– “I’m afraid a capitalist system will always hurt some people,”
– A very rich society is beneficial to society overall and can help people.
– (On Ebitda) : Excluding depreciation is ridiculous.
– Mr. Buffett says he “underestimated the brilliance” of Amazon’s Jeff Bezos, not just of vision, but of execution. The odds that he would succeed was “not at all obvious.”
– “I have gained no real knowledge about tech,” he says.
– He takes an unscheduled detour into a discussion of the major tech stocks that top the U.S. stock market’s market-cap tables. He doesn’t name them, but this group includes Apple, Microsoft, Amazon, Facebook and Google’s parent company, Alphabet. He marvels at how capital-light their operations are.
-“That is a very different world. It used to be that growing and earning large amounts of money required investment” but “you literally don’t need any money to run” these operations, he says with a bit of hyperbole.
– He also notes that all his Berkshire shares are going to charity, so his wife won’t get any. “The object isn’t to double or triple her money,” he says.
-Messiers. Buffett and Munger defended sugar and Coca-Cola. Mr. Buffett said he thinks Coca-Cola has been a very positive factor in America and the world for a long time.
“And I don’t want anyone telling me I can’t drink it,”said Mr. Buffett, noting he drinks about five 12 ounce Coca-Cola servings a day with 1.2 total ounces of sugar in them.
– “I was wrong” on IBM, Mr. Buffett says, a strong statement on a company that he still holds a large stake in.
– Buffett and Munger talked about two missed opportunities in tech: Google and Amazon, companies they admire greatly but didn’t invest in.
– On Google, Mr. Buffett notes that Berkshire was a customer of the search giant through Geico. He learned early on that Geico was paying money to Google directly every time someone clicked through. There was little capital needed in the transaction and tons of scale.
– On Amazon, the two had immense praise for the business, and specifically founder Jeff Bezos. Mr. Buffett was particularly impressed by Mr. Bezos’s stewardship of both Amazon and The Washington Post. That said, neither investor saw themselves in Mr. Bezos.
– Mr. Buffett has said in the past that they didn’t anticipate how much Amazon would threaten the retail industry.
– All businesses have problems, Mr. Buffett says, but “those (portfolio of Berkshire) are businesses we like very much.”
– He adds: “We did not buy American Express or Wells Fargo or United Airlines or Coca-Cola with the idea that they would never have problems or they would never have competition. But we did buy them because we thought they had very, very strong hands.”
– Mr. Buffett kicks off a discussion of insurance by telling the audience that no one has made them more money as shareholders than Mr. Jain. And that includes Mr. Buffett himself.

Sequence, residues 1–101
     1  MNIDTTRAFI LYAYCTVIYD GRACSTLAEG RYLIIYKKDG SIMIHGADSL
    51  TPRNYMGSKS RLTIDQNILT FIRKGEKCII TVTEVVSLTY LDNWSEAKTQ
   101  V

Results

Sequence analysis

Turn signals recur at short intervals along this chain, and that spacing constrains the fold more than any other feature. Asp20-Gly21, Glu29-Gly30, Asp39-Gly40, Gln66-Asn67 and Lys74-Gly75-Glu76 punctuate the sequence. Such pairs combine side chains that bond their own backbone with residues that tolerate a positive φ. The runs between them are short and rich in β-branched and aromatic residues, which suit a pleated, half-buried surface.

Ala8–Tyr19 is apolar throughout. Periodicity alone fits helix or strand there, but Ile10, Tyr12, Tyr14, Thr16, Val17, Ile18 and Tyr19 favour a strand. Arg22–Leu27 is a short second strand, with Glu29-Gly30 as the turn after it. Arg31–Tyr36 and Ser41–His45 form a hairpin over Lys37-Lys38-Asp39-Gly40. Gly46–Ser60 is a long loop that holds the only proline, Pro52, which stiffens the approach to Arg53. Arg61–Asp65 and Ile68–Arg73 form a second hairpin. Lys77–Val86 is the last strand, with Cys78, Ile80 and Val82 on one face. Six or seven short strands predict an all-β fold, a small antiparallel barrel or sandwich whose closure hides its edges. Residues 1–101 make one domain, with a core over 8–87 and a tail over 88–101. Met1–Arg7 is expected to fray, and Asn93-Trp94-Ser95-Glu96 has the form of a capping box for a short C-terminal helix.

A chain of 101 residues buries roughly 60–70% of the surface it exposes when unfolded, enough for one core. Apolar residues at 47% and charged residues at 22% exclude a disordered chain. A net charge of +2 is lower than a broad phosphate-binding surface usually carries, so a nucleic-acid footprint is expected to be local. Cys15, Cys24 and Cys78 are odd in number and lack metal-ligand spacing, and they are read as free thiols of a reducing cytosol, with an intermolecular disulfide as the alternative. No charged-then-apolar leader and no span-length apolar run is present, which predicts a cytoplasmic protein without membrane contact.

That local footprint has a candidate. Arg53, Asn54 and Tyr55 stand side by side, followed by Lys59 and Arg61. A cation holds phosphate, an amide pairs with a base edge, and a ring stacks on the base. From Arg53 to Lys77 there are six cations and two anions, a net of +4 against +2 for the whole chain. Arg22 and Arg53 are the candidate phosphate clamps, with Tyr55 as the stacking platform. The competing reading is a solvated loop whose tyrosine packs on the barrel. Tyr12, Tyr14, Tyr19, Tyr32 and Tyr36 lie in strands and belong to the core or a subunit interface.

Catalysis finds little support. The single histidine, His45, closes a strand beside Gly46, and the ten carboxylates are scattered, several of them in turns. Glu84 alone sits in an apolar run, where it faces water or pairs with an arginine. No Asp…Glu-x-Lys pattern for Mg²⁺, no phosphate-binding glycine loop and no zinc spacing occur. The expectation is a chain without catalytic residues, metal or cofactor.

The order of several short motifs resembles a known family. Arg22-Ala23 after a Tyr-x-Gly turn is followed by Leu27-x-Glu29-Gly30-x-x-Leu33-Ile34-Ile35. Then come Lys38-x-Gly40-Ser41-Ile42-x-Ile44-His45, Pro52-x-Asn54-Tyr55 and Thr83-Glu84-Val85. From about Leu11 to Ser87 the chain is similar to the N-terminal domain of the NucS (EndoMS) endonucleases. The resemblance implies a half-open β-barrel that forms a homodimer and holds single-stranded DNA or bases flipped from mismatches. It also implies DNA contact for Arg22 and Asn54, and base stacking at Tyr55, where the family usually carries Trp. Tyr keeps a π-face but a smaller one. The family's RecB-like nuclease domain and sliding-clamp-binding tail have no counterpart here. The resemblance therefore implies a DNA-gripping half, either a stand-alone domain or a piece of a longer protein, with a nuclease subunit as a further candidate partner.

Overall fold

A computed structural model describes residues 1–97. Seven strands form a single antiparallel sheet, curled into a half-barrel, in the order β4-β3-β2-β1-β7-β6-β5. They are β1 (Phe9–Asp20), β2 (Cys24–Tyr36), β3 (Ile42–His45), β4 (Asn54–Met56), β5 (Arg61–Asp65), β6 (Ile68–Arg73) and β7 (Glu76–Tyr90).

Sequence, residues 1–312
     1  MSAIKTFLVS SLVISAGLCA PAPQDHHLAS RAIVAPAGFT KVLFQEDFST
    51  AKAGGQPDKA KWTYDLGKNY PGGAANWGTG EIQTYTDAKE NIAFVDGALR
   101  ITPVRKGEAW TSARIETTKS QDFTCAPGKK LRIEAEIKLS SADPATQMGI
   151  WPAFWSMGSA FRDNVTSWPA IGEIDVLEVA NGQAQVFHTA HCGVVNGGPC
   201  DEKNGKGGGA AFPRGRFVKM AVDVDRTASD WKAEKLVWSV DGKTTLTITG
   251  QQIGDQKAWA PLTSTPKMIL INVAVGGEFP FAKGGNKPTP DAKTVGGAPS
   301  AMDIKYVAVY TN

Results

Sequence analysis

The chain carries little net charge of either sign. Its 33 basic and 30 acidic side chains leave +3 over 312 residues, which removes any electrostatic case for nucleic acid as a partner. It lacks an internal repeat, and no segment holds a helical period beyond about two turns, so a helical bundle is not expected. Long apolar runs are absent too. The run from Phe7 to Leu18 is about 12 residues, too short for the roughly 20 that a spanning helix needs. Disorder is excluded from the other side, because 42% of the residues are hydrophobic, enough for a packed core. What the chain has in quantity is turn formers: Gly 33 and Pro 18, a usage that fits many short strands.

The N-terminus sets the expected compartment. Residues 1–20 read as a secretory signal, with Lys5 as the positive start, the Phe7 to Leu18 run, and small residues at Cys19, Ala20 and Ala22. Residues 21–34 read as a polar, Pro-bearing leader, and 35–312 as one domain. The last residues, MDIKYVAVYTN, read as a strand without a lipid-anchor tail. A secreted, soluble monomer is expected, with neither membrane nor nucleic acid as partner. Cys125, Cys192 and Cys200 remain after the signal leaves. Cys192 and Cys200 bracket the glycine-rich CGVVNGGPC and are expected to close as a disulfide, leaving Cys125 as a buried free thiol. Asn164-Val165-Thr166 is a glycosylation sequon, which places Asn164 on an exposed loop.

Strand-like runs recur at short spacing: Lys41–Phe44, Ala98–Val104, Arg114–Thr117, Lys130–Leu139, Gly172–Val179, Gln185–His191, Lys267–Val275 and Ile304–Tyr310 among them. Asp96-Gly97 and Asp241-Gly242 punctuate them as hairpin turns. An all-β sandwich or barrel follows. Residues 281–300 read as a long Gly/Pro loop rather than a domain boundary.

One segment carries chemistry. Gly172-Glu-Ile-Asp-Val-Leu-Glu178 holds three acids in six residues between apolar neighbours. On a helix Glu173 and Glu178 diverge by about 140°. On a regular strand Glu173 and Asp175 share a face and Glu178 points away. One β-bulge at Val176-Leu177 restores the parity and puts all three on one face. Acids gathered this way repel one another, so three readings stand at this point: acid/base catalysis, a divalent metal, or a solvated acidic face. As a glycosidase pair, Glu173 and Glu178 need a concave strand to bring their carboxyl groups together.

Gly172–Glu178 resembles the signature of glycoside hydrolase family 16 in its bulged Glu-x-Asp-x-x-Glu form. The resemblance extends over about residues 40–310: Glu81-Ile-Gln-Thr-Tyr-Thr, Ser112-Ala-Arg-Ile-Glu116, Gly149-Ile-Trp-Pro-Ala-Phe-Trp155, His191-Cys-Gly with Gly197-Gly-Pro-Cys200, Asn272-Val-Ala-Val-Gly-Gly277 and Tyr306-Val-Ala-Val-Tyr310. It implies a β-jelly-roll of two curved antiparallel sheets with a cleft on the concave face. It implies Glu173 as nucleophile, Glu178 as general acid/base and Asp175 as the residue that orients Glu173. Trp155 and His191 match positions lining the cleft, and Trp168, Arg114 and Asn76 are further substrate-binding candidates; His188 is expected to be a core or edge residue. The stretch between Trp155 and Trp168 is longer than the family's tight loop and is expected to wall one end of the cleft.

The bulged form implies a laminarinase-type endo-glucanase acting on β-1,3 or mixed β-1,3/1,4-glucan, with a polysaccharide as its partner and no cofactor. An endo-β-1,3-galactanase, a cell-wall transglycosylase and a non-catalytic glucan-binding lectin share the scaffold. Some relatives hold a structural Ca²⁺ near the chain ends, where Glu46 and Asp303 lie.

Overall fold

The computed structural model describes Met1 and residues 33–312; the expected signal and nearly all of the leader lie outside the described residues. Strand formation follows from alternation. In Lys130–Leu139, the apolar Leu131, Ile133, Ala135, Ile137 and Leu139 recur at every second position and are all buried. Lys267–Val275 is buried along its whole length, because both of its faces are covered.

– “Jack Bogle has probably done more for the American investor than any man in the country,” said Mr. Buffett.
(Mr. Bogle is the founder of Vanguard Group–the Malvern, Pa. index fund giant.) Mr. Buffett said that when Mr. Bogle first started his indexing crusade, no one on Wall Street wanted to help.
But today, index funds have delivered more for shareholders than nearly any other financial product.
– “The index fund wouldn’t have happened without him,” said Mr. Buffett, who estimates that at a minimum index funds will save investors hundreds of billions over time.
(Fun : Mr. Bogle, who turns 88 on Monday, was in attendance at the annual meeting on Saturday. In addition to a nice ovation, Mr. Bogle also got some good news during the meeting as Mr. Buffett jokes that at 88, he’ll be eligible for an executive position at Berkshire Hathaway in two years. )
– “Just learn, learn, learn all the time,” Mr. Munger said. “If we had not kept learning, we wouldn’t even be here.”
– Ebitda Is a ‘Horror’ “You’ve understated the horrors of the subject and the disgusting nature of the people who brought that term into the valuation of business,” says Mr. Munger. “Now they use it in the business schools. That is horror squared.”
– “A lot of people are trying to be brilliant, and we are just trying to stay rational.”
– Mr. Munger also noted that Berkshire made a mistake in its Wal-Mart investment, most of which had been sold by the end of 2016.
– “We’ve gotten a lot of credit for being smarter than we were,” said Charlie Munger.
via – http://www.wsj.com/livecoverage/berkshire-hathaway-2017-annual-meeting-analysis
Alok Kejriwal is a digital entrepreneur, based in Mumbai. He sold his last Company to Disney. He currently runs Games2win and is the founder of therodinhoods.com – India’s only social network for entrepreneurs. Connect with Alok on Linkedin, Twitter @rodinhood & Facebook. Read his best articles here!